At OLHC, Mathematics provides students with access to important mathematical ideas, knowledge and skills that they will draw on in their personal and work lives. The curriculum also provides students, as life-long learners, with the basis on which further study and research in mathematics and applications in many other fields are built.
Mathematical ideas have evolved across societies and cultures over thousands of years, and are constantly developing. Digital technologies are facilitating this expansion of ideas and provide new tools for mathematical exploration and invention. While the usefulness of mathematics for modelling and problem solving is well known, mathematics also has a fundamental role in both enabling and sustaining cultural, social, economic and technological advances and empowering individuals to become critical citizens.
The OLHC Mathematics program is based upon the Victorian Curriculum, and aims to ensure that students:
● develop useful mathematical and numeracy skills for everyday life, work and as active and critical citizens in a technological world
● see connections and apply mathematical concepts, skills and processes to pose and solve problems in mathematics and in other disciplines and contexts
● acquire specialist knowledge and skills in mathematics that provide for further study in the discipline
● appreciate mathematics as a discipline – its history, ideas, problems and applications, aesthetics and
TOP TEN maths
Here are some fun ways to sneak some math into everyday life. To help your child enhance their reasoning and communication skills, use prompts when they give an answer:
- How do you know?
- Prove it
- Convince me
- Show me
Supermarket maths. Counting, estimating, and making change are good exercises. What can we get for $10.00? Will you count the change for me, please? Let me know when we’ve reached fifteen items, please.
Sports maths. Endless possibilities from reading scores, solving margins, working out the value X number of goals , reading times, distances, player profiles (weights, height,etc)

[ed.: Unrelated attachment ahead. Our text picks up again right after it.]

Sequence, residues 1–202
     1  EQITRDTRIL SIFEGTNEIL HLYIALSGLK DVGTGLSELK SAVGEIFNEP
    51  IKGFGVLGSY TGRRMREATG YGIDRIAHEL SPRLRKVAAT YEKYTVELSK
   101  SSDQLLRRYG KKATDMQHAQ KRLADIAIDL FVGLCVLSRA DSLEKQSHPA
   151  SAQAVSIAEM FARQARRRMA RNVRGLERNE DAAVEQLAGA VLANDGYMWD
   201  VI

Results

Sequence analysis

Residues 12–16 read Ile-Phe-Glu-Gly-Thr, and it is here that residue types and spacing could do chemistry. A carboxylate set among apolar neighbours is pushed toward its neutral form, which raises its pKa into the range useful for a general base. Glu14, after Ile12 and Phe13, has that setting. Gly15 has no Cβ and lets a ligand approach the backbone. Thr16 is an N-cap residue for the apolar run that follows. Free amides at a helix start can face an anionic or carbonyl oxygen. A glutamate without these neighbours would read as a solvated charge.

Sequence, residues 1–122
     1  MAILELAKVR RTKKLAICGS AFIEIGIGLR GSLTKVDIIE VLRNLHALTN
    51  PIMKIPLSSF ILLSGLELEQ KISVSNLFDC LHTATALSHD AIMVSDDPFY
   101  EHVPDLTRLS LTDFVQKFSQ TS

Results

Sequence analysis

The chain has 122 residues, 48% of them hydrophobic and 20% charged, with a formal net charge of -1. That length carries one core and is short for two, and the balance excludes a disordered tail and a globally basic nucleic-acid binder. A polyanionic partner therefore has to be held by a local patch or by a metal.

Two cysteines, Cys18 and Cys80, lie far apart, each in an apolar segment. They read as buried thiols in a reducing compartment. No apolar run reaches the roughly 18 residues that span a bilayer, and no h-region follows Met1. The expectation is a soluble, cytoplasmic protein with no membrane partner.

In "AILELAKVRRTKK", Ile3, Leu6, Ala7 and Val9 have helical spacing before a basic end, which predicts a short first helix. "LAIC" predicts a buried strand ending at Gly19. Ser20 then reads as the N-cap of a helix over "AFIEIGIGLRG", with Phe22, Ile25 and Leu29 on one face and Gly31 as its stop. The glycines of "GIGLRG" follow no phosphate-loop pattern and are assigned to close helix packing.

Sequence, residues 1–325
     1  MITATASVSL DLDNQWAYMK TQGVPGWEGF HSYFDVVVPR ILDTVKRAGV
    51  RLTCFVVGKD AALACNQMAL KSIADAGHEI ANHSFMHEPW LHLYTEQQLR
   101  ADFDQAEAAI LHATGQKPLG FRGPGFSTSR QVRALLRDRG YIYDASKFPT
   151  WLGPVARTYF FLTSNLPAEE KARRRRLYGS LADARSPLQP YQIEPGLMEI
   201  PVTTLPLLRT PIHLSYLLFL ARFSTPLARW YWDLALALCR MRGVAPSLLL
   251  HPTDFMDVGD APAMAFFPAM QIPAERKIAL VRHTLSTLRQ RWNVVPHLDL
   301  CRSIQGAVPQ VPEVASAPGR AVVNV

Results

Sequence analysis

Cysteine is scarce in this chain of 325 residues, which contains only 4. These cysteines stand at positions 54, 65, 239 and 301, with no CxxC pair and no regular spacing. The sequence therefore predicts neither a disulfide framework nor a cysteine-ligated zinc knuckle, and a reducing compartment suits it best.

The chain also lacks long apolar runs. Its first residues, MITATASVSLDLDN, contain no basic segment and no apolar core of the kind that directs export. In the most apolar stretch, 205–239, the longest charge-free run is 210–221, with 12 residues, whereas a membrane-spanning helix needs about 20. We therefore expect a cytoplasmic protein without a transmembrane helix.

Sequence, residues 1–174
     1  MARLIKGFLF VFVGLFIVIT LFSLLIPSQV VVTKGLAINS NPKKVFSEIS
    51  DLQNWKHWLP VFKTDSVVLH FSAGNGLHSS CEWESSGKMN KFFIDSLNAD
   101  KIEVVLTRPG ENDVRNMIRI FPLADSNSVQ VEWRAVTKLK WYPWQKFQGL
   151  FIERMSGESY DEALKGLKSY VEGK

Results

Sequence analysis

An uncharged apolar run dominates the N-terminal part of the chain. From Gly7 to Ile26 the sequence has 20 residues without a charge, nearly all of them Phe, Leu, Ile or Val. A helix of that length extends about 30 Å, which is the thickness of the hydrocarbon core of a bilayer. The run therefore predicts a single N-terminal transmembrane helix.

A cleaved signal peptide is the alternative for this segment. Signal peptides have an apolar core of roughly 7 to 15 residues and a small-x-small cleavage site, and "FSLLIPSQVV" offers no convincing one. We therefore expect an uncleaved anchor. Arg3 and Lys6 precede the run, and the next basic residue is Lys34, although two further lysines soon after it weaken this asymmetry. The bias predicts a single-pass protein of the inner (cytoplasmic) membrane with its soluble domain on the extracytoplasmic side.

Menu maths. What’s the most expensive meal on the menu? What’s the least expensive? We have $20.00 to spend – what can we get?
Kitchen maths. Practice fractions by using recipes or reading cookbooks. Measuring ingredients is a perfect math lesson. Don’t tell them, though.
Map maths. What’s the distance from home to our destination? How long will it take us if we travel the speed limit? What’s the most direct route?
On-the-road maths. Numbers are all around roads if you look for them. Add or subtr
act license plate numbers, speed limits, or route numbers. Keep track of time travelled or how long you’ve been reading aloud to encourage learning how to tell time.
Money maths. Teach about making change. Count change in a piggy bank. How many ways can I make 45 cents? Open a small savings account and watch the amount rise with deposits and interest.
Calendar maths. Count down the days to special events like birthdays, holidays, vacations and appointments.
Game maths. Use cards, dominoes or dice (“math cubes”) to reinforce counting, addition, subtraction, multiplication, or division skills. Play Snakes and Ladders, Monopoly, and other games that encourage counting. Together, do the Sudoku puzzles in the paper.